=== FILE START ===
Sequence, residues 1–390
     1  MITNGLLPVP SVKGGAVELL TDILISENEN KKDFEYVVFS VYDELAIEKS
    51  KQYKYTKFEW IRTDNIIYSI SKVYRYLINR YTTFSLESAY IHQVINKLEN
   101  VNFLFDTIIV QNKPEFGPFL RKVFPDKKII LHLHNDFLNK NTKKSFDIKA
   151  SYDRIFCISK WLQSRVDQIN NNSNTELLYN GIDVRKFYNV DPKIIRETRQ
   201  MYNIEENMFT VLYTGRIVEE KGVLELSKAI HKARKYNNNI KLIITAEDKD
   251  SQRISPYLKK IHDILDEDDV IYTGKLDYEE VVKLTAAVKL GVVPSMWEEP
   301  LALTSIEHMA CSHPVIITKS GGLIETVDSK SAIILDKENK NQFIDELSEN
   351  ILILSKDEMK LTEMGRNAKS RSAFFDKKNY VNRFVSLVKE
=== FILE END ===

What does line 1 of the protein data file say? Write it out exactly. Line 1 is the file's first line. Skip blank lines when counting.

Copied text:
Sequence, residues 1–390